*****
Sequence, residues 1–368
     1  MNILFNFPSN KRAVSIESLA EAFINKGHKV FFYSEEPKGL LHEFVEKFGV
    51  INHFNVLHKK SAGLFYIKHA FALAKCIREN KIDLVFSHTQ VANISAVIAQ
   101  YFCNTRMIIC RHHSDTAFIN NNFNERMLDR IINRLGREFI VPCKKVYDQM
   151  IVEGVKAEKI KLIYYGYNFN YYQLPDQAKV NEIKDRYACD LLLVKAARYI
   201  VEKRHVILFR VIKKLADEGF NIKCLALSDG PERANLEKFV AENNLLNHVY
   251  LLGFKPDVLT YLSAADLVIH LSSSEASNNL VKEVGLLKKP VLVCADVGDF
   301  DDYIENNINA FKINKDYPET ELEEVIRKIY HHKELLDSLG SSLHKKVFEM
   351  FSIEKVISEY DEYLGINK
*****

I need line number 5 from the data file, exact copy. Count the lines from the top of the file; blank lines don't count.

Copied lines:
   151  IVEGVKAEKI KLIYYGYNFN YYQLPDQAKV NEIKDRYACD LLLVKAARYI